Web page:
The Victoria Police Department will continue to operate its controversial automated licence plate recognition program while it reviews how to comply with recommendations from B.C.’s privacy commissioner.
That differs from their counterparts in Saanich, who chose to suspend the program until privacy concerns are resolved.
Automated licence plate recognition (ALPR) uses cruiser-mounted cameras to scan passing vehicles and check them against police databases, generating “hit” data.
It allows police to identify stolen vehicles and prohibited drivers, but the system also flags registered owners involved in court action, parolees and even people associated to others with criminal records.
In her Nov. 15 report, B.C. Privacy Commissioner Elizabeth Denham found VicPD is violating the Freedom of Information and Protection of Privacy Act by transferring “non-hit” data to the RCMP, who administer the program, even though that information is deleted within 30 minutes of receipt.
Denham recommended that VicPD find a way of immediately deleting non-hit data from its servers, and that it restrict the use of the program to include only traffic-related and warrant information.
Those recommendations were addressed for the first time at a Victoria police board meeting Tuesday.
“The goal is to have the program come into compliance, whether it’s the camera, whether it’s the software, how the information is transmitted,” Mayor Dean Fortin said Wednesday.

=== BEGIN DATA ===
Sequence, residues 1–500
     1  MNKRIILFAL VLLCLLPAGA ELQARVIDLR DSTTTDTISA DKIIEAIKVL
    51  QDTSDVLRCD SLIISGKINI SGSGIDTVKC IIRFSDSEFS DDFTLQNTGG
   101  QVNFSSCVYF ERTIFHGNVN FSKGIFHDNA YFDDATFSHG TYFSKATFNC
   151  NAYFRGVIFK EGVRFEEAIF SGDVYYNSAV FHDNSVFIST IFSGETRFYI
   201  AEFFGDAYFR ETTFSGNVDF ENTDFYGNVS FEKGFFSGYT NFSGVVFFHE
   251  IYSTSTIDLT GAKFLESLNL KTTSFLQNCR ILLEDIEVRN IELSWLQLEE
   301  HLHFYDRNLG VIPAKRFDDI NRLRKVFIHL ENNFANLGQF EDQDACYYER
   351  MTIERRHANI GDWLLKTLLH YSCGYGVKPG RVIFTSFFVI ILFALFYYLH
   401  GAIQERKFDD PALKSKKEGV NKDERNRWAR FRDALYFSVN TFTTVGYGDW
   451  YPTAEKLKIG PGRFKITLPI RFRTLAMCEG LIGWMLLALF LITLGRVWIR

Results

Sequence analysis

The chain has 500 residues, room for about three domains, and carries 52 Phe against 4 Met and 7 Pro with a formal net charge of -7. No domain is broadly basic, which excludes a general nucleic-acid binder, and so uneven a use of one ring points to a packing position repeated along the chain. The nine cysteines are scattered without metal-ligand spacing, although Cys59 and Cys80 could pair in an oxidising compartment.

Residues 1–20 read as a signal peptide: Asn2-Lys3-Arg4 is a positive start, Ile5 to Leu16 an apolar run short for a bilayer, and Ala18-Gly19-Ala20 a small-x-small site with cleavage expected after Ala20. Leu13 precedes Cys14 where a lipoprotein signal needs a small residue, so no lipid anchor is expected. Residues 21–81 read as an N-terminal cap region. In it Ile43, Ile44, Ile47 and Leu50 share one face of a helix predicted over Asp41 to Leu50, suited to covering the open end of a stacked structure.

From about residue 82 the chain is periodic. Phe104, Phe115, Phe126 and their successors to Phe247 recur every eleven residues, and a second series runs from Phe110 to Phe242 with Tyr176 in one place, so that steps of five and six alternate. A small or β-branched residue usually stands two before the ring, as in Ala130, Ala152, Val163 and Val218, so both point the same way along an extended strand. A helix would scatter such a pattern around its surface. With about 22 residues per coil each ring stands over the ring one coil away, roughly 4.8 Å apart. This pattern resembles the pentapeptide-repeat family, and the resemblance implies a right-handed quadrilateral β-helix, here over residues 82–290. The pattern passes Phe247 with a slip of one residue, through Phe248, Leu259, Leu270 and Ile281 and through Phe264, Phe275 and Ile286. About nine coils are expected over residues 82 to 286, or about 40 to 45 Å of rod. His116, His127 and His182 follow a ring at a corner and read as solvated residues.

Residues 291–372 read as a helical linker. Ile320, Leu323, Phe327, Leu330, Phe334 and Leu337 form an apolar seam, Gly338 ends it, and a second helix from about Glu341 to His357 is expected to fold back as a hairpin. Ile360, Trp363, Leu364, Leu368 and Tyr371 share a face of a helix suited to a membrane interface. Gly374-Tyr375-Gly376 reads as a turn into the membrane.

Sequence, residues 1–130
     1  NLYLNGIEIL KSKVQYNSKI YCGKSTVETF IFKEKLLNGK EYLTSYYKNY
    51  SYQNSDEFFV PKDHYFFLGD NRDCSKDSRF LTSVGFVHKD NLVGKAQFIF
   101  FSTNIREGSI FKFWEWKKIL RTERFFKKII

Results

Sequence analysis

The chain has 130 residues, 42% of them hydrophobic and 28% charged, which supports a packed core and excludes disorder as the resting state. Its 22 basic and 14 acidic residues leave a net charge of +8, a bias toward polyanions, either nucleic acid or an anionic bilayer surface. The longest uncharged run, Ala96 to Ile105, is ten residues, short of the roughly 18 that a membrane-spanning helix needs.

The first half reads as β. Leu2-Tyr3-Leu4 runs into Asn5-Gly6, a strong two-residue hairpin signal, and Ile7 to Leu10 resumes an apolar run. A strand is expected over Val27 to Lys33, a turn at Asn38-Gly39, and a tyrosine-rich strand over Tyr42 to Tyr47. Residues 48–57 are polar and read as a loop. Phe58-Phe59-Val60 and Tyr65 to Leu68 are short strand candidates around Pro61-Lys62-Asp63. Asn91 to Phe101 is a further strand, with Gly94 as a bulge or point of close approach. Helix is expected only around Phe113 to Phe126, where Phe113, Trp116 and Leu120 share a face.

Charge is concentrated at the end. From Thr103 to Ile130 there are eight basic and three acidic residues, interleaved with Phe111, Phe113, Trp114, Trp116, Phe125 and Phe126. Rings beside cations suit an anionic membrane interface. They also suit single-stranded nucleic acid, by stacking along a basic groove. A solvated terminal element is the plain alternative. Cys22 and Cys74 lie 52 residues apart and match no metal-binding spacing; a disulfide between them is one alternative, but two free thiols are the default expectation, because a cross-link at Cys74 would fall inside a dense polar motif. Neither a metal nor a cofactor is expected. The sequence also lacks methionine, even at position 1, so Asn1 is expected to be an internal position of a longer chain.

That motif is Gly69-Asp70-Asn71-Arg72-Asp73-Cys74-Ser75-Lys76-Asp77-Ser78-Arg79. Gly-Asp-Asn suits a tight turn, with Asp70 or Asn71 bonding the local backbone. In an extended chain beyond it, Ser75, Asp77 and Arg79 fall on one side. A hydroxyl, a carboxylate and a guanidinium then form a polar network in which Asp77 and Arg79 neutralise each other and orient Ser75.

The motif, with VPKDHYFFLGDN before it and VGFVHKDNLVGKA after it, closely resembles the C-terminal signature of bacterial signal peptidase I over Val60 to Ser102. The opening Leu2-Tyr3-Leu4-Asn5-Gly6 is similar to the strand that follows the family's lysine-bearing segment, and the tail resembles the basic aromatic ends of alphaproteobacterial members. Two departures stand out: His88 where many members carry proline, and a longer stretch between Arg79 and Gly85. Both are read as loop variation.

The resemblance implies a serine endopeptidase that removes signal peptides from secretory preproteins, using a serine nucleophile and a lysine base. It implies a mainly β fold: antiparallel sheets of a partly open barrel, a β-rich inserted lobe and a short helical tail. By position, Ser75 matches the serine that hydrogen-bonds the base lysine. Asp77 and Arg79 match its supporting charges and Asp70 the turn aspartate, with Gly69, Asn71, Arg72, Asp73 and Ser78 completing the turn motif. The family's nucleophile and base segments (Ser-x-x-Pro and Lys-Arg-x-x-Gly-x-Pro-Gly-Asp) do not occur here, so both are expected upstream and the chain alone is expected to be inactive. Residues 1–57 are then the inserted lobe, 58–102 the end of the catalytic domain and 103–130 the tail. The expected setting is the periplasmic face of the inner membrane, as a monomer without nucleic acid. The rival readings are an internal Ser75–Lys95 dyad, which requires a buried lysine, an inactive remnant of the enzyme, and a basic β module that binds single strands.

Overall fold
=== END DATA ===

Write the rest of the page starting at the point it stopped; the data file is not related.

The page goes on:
“Those are all technical issues that our police department will be working (on) with the RCMP to (bring the system) into compliance,” Fortin said. VicPD will report back to the board in three months on progress made implementing the recommendations.
The decision to continue to collect data sits in contrast to the Saanich police, who were operating the cameras, but suspended their use after the release of Denham’s report.
“We don’t run the program, we are a user of the (RCMP’s) service,” said Saanich police Sgt. Dean Jantzen. “Any changes in policy or procedures or even any technical changes will flow from the RCMP.”
VicPD Chief Const. Jamie Graham has said he “respectfully disagrees” with the report, but until now it was unclear whether VicPD intended to comply with the recommendations.
The B.C. privacy commissioner has the authority to enforce compliance if public bodies refuse to make changes.
“Typically what happens after an investigation report is that staff from our office will liaise with the public body to facilitate compliance,” said Cara McGregor, spokeswoman at the Office of the Information and Privacy Commissioner. “We have extended that offer to the VicPD.”
The RCMP has indicated it is considering retaining greater amounts of ALPR data in the future. An RCMP spokesperson could not be reached by the News’ deadline.
Fortin said he is hopeful VicPD and the RCMP will comply with the recommendations.
– with files from Kyle Slavin